A Few Thoughts on Educational Websites

In looking around at Education Websites, I’ve found some cool websites and twitter accounts to follow, but also just some interesting articles about innovation in Education.

Here are just a few findings:

Education for All

Education for All is movement led by UNESCO. It has branched out into the GPE (Global Partnership for Education) which is pushing to get primary education UNIVERSALLY by 2015. This means working with international organizations and governments, non-for profits and all of the alike, to get primary education for all children.

On their website you can find out a ton of cool – and unfortunately, a lot of sad – things about the Education in the world both close and far.

For example, even though UNESCO and EFA launched GPE, there are still a growing number of children NOT in school. These groups are trying to rally more support from policy makers and even more so, from additional funds from major governments, but funding can only go so far. They need the help of Major players in governments where education is not already considered a priority:

To get involved check out the statistics here:

UNESCO World Report on the growing number of children out of school: http://en.unesco.org/gem-report/growing-number-children-and-adolescents-are-out-school-aid-fails-meet-mark#sthash.YiNpD9PS.LJ6rqMRm.dpbs

And the Facebook group here:


The Organisation for Economic Co-operation and Development (OECD)

The OECD is all about promoting social and economic policies internationally to help of the future of the world. They hold conferences for government leaders to come and discuss the future of their countries and how they can work with other international organizations and governments to make a better world.

These conferences are a great outlet for governments to find a way to work together and use shared experiences to figure out ways to solve problems they’re having individually.

They are also the organisation behind The Programme for International Student Assessment (PISA). PISA is an assessment that measures scholastic performance on mathematics, science, and reading. Students representing more than 70 economies have participated in the assessment so far.(1)

Centre for Education Research and Innovation (CERI)

CERI is an organisation that completes research on education, and they have a strong focus on innovation and the future of schools. This is most likely why I used their website and suggested sites from them in my search for information on Brain Based Learning, as this is a “newer” strategy that is being implemented in the classroom.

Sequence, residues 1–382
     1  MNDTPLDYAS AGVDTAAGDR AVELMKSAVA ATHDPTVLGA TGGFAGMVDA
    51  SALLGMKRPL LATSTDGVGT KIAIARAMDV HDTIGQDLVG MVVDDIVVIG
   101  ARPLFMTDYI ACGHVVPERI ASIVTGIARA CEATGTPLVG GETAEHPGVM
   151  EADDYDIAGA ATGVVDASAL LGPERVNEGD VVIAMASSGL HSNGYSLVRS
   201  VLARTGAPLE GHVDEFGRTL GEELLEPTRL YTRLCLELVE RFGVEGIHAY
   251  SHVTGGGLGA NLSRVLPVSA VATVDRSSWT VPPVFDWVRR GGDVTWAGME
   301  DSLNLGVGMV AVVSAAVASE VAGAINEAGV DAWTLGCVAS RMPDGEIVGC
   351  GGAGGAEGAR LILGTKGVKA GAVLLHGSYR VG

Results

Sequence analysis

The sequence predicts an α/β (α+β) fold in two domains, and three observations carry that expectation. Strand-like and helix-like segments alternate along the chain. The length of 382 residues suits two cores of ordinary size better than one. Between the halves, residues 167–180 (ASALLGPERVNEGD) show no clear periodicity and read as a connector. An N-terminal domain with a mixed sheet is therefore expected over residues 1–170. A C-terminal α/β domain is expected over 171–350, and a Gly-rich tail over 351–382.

CERI tries to inform policy makers of innovation in teaching from all different angles. They conduct studies and share results of what innovative skills will be needed in a country’s society in the future, they have completed studies on what skills should be addressed in the classroom and how we address those skills, and they have recommended ways to assess if these skills are being taught (as well as a multitude of other studies).

For interesting articles of what they have found, check it out here: http://www.oecd.org/edu/ceri/

One study that I think is interesting is a progression of creativity in schools and what we need to do to get there. The article talks about the five elements of creative skills that need to be fostered to develop and creative and critical thinker, which the article argues are important skills in the 21st century. The five elements include being inquisitive, persistent, imaginative, collaborative, and disciplined.(2) I couldn’t agree more.

Association for the Advancement of International Education (AAIE)

The AAIE is an international community that offers professional development for educators and administrators working in International Schools. They have a large range of classes on everything.

From what I’m gathering, it’s a good way to better get to know the International Community, learn how policy makers and leaders in the International Education Community effect the everyday environment in an International School, and also take classes to help better understand how to work with others within the community.

Plus, there are also classes for educators to continue their professional development.


(1) About PISA – OECD. (n.d.). Retrieved from http://www.oecd.org/pisa/aboutpisa/

(2) Lucas, B., G. Claxton and E. Spencer (2013), “Progression in Student Creativity in School: First Steps Towards New Forms of Formative Assessments”, OECD Education Working Papers, No. 86, OECD Publishing. http://dx.doi.org/10.1787/5k4dp59msdwk-en

(3) Association for the Advancement of International Education. (n.d.). Retrieved from http://www.aaie.org/page.cfm?p=1


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